The economic crisis which is engulfing us will make this a grim Christmas.
But before this, we've had a reasonable period of economic growth and prosperity. Yet the high incidence of depressive or stress-based illnesses and the especially alarming levels of youth suicide and self-harm suggest that, as a society, we have not necessarily converted greater wealth into increased wellbeing.
So the economic downturn may provide us with a good chance to step back and think more deeply about what we are really trying to achieve in our lives. And at this time of the year it is especially pertinent to ask: how can we develop a true spirit of generosity? A spirit which helps us rekindle the true meaning of Christmas, irrespective of one's religion, and more generally, allow us to get more out of life.
The latest psychological research shows, thankfully for our wallets, that excessive consumption is not the answer. While there is nothing wrong with material pleasures per se, our neural systems very quickly get used to them and they provide no lasting happiness. More enduring wellbeing comes from discovering those activities that give us a deeper sense of engagement in life - what happiness guru Martin Seligman calls the gratifications.
Gratifications draw on our personal strengths and engage us in challenging activities requiring skill and concentration. They are activities that create a sense of flow in which we truly live for the moment, such as dancing, painting and writing. And if some of your gratifications can help other people, then that greatly multiplies the sense of real meaning to your life.
So where do you start? First, try and build giving into the way you make a living. If you are in one of the caring professions such as teaching or nursing, you are off to a good start. However, professions such as investment banking, commercial law and business strategy also offer opportunities for individuals to apply their skills to help others - for example through pro bono projects.
Generosity will work best if your desire to give is sparked by a sense of inspiration, not obligation. A useful way to explore this is to think of those things for which you feel a strong sense of gratitude, offer inspiration or demonstrate injustice.
Here's an example. When launching my book How Much is Enough? I reflected on how grateful I felt that my children went to a school that helped to teach them how to think, rather than what to think. I decided to take my children to school the next morning, give each of their teachers a copy of the book and express some words of gratitude.
The teachers were at first apprehensive to see a parent arrive unexpectedly, and then surprised to receive a gift. Whether this made them happy, I simply don't know. But I experienced a good feeling that lasted for weeks, even though the value of the gift was small. It highlighted how rewarding giving can be when the motives are genuine.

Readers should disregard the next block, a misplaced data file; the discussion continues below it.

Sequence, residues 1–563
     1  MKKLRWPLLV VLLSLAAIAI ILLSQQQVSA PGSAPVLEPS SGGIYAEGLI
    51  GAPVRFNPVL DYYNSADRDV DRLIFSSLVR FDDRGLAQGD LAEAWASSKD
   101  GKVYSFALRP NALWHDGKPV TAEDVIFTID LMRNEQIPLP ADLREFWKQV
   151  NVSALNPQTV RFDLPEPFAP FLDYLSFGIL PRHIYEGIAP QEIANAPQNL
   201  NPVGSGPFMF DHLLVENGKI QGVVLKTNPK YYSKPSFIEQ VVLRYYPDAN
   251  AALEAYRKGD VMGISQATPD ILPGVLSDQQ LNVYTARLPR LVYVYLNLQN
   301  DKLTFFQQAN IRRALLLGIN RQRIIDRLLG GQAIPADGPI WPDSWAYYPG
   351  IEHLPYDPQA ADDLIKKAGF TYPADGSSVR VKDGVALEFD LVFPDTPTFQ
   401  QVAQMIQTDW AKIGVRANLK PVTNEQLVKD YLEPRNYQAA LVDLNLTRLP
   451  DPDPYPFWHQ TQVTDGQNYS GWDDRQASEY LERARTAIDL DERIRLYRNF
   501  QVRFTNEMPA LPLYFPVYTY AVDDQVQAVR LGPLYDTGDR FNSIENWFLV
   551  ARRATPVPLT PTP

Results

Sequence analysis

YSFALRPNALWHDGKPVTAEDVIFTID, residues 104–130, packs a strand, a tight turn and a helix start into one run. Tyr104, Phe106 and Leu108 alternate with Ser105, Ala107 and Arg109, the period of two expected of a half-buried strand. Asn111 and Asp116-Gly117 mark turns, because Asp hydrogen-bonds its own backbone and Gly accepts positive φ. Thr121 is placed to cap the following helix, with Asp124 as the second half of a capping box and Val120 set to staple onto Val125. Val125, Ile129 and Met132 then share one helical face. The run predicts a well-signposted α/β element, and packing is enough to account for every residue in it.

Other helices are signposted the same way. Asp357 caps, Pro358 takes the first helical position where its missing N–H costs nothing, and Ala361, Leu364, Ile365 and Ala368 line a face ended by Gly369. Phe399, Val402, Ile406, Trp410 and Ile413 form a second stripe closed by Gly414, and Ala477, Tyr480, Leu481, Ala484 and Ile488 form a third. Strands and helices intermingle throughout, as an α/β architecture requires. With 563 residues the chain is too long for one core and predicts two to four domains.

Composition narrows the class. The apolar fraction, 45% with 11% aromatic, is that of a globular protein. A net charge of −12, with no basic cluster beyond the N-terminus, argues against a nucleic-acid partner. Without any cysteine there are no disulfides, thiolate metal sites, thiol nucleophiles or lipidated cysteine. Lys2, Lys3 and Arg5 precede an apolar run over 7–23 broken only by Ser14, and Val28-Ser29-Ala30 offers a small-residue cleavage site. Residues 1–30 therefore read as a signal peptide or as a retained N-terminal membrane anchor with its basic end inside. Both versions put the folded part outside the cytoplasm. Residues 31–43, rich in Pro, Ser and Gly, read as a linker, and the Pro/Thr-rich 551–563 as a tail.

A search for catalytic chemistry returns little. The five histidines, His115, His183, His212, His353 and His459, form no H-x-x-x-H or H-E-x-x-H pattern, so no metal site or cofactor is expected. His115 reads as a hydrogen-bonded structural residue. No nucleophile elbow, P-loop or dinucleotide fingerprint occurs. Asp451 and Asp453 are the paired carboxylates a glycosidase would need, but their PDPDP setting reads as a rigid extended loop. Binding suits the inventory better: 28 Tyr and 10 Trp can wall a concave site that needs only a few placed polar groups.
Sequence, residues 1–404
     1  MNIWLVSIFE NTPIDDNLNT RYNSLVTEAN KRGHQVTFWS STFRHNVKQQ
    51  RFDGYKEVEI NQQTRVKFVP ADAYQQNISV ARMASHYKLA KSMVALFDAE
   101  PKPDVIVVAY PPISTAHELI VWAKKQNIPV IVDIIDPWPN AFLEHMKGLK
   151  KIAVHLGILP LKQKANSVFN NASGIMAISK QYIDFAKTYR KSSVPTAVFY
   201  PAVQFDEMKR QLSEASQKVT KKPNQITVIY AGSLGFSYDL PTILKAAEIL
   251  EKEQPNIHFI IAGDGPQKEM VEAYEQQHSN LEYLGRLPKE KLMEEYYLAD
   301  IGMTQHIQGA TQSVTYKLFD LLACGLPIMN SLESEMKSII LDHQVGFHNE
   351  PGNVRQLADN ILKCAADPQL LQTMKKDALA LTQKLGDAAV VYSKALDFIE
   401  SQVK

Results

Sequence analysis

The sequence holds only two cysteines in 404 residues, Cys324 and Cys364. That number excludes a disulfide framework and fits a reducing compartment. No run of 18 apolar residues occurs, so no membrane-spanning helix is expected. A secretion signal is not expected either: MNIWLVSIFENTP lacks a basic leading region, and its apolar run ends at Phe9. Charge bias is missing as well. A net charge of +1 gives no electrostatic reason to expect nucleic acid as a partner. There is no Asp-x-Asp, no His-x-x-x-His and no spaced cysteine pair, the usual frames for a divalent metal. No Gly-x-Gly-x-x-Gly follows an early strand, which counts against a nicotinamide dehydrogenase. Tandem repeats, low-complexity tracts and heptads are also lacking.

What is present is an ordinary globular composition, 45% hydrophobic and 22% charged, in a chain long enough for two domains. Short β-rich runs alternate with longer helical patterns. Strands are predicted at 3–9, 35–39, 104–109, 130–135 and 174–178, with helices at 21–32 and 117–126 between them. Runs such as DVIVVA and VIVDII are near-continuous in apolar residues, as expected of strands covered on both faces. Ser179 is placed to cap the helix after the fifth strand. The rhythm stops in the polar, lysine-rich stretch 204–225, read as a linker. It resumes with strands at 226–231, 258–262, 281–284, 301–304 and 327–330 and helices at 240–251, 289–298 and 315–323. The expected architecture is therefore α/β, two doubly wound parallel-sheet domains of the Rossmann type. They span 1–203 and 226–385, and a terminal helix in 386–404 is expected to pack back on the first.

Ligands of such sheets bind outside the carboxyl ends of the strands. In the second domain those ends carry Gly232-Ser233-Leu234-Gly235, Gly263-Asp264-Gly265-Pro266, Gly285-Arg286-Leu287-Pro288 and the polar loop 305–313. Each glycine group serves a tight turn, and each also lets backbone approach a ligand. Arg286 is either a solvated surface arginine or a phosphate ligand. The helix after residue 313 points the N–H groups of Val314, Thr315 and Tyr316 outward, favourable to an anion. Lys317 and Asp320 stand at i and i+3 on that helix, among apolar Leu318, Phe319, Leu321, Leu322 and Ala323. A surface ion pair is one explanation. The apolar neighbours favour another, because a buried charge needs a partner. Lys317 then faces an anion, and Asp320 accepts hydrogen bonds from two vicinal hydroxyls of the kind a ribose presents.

Try a few experiments for yourself. What better time is there to start than when giving a gift for a birthday or Christmas to someone who "has everything"?
Think of a present that you have bought for your partner or someone close to you and write down, out of a possible 10, how happy buying that present has made you and how happy you think it will make the recipient.
Next write down how happy gifting money to a charity in the name of your partner will make you and him or her respectively. Then visit www.kiva.org, the eBay of microfinance, where you can change the life of a poor entrepreneur in a developing country for as little as $25. The website works in conjunction with 67 microfinance institutions around the world that recommend the borrowers and administer the loans. The process is simple - you browse the profiles of potential borrowers, find one you like and pay via PayPal.
You can buy a poor family in Azerbaijan a goat or help a baker set up shop in Cambodia. Make these gifts in the name of your partner. Once the loans are set up, your partner will receive regular repayments, usually monthly, until the loan is paid off and regular updates on how the recipient is faring.
The repayment rate on these loans is a staggering 99 per cent. When the loan has been repaid, your partner can do what he or she wishes with the money but don't be surprised if they lend it to another entrepreneur and start the cycle again.
The beauty of kiva is that it is a peer-to-peer transaction, which means that all your money reaches the recipient. Compare this with some of the bigger charities where 30 per cent of the money gets eaten up on overheads.
Now note down how happy you think this gift will make you and your partner. After a while, ask your partner to rate how happy this gift has made them, and also rate it yourself. Compare it to the rating that you gave your material gift.
Most people who have tried this experiment do not expect it to do much for their happiness or that of their partner. However, as they go through the exercise their perception changes. A month after the gift is given, both parties invariably report higher wellbeing from the choice of this gift than a material item.
This exercise can also work well with kids. Introduce them to marking their birthdays and Christmas by giving as well as receiving. Give your children some money to buy whatever they want, and a similar amount to spend on any charity they want to support.
By becoming more generous of spirit, you can increase the wellbeing of the people around you as well as your own. It is one of the best investments in yourself and others that you can make.